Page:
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Richard Alan Greenberg, the Oscar-nominated effects artist who took main titles for movies to another level with his designs for such films as Superman, Alien and The World According to Garp, has died. He was 71.
Greenberg died Saturday in New York City after a bout with appendicitis, his family announced.
Greenberg’s Oscar nomination was for best visual effects (shared with Stan Winston, Joel Hynek and his brother, Robert Greenberg) for John McTiernan’s Predator (1987). He also collaborated with the director on another Arnold Schwarzenegger starrer, Last Action Hero (1993).
In 1977, the Chicago native and his brother launched R/Greenberg Associates, and they worked (and lived) out of tight quarters in a brownstone in midtown Manhattan.
To land R/GA’s first job, they suggested a teaser trailer and a “streaking” opening-title sequence for Superman (1978), directed by Richard Donner. There was one problem, though. “We had no idea how to do it!,” Greenberg said in a 2013 interview for the Art of the Title website. “For about two weeks, we kept trying to figure it out.”
The teaser trailer for Superman won a Clio Award that year and gave R/GA “something that’s very, very important in New York advertising: a tie to the entertainment business, which — I don’t care what New Yorkers say — is very fascinating to them,” he said. “Everybody in New York wants to be a movie director. When they say they don’t, that’s bullshit.”
Their second job, the main titles for Ridley Scott’s Alien (1979), employed, as described by Art of the Title, a “disjointed version of the Futura typeface to instill a sense of foreboding, the letters broken into pieces, the space between them unsettling.”
Said Greenberg: “It’s disturbing to people to see those little bits of type coming on. … We wanted to set up tension, and as these little bits come in, they seem very mechanical. We wanted to break the type apart using that letter-spaced sans serif, which really hadn’t been done in film before.”
Greenberg’s main title work also can be seen on Altered States (1980), The World According to Garp (1982) — well-known for that baby floating in space — The Untouchables (1987), Dirty Dancing (1987), Death Becomes Her (1992), Star Trek: Nemesis (2002) and Edge of Darkness (2010).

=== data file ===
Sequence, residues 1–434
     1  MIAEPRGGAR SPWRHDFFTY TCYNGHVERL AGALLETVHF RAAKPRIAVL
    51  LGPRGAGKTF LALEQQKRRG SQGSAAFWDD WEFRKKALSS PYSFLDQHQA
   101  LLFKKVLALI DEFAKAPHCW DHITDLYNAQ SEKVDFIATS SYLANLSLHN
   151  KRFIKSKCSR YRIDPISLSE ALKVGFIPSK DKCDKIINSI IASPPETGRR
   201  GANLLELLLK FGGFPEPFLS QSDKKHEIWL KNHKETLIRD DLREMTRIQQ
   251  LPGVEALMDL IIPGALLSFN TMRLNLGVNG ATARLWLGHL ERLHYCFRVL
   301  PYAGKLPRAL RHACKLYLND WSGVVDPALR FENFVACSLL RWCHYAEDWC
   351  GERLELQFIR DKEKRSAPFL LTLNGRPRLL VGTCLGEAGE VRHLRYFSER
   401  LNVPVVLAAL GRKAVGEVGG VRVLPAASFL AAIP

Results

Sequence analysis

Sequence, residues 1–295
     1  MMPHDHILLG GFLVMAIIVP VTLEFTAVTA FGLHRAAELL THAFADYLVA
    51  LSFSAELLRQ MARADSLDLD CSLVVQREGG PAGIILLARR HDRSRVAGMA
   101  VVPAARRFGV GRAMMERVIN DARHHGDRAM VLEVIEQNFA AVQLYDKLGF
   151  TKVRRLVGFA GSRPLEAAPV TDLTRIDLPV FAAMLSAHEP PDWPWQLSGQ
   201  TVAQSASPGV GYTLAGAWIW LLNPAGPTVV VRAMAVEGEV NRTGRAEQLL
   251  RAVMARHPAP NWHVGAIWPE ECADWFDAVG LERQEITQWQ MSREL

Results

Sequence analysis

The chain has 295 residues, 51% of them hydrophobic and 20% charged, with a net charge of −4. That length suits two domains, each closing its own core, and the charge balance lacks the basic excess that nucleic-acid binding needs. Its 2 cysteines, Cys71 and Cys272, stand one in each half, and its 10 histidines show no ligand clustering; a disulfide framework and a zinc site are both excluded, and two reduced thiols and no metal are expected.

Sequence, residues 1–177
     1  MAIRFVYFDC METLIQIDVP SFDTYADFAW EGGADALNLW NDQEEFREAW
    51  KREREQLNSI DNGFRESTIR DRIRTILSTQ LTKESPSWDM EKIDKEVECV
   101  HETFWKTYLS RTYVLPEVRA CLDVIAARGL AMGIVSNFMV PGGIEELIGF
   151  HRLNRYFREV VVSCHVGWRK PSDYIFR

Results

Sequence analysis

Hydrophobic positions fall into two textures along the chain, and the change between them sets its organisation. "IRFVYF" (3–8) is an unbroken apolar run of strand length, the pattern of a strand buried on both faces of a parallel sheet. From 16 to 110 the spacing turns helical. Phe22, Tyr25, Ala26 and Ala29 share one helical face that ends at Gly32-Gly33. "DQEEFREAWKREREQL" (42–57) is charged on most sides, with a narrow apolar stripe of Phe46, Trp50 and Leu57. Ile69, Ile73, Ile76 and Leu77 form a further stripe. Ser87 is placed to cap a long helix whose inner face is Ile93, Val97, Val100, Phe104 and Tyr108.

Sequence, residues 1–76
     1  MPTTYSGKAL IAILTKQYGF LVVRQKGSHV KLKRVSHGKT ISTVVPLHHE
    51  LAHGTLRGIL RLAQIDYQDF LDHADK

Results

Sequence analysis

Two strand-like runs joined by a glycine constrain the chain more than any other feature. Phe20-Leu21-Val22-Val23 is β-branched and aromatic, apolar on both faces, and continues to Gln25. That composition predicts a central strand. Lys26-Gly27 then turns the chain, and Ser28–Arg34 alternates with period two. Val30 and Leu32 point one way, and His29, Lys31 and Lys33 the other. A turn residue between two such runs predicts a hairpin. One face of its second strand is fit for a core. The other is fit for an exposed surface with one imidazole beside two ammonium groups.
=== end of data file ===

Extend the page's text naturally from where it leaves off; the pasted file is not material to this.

In 1991, Greenberg came to Hollywood and formed Greenberg/Schluter with Bruce Schluter, and they designed main titles for films including Bram Stoker’s Dracula (1992), Independence Day (1996), Donner’s Lethal Weapon series and The Matrix (1999).
In addition to Predator, Greenberg did VFX work on such films as Xanadu (1980), Donner’s Ladyhawke (1985), Family Business (1989), Goodfellas (1990), The Devil’s Advocate (1997) and Phantoms (1998).
Greenberg also directed the 1989 feature Little Monsters (1989), starring Fred Savage and Howie Mandel, and a 1990 episode of HBO’s Tales From the Crypt.
Greenberg was a senior at the University of Chicago when he animated pictures that were shot during the tumultuous 1968 Democratic Convention for a 2½-minute black-and-white short film, Stop.
Stop won the first prize of $3,000 at a New York Film Festival student competition (two little-known filmmakers, Brian De Palma and Martin Scorsese, were among the judges), and the recognition “gave me a lot of confidence,” he said.
After earning a master’s degree in graphic design and teaching gigs at the Illinois Institute of Technology and the University of Illinois, Greenberg took an entry-level job working for famed main titles designer Pablo Ferro (Dr. Strangelove, Bullitt, Beetlejuice, L.A. Confidential) in New York.
Greenberg realized, “I could do this,” he said in the Art of the Title interview. “I sensed that graphic design in motion was nowhere near as advanced as it was in print, because print had this Swiss-German influence, and all the motion stuff was just a carnival. It was really a circus. I thought we could take that print discipline and apply it to film graphics.”
Greenberg’s work can be found in the permanent collections at the Louvre in Paris and the Museum of Modern Art in New York.
In addition to his brother Robert — still running R/GA — survivors include his daughter Jessica, a Pulitzer Prize-nominated investigative journalist for The New York Times; and sons Luke, a co-founder of the Hollywood creative agency Bond, and Morgan, chief product officer at The Whittle School.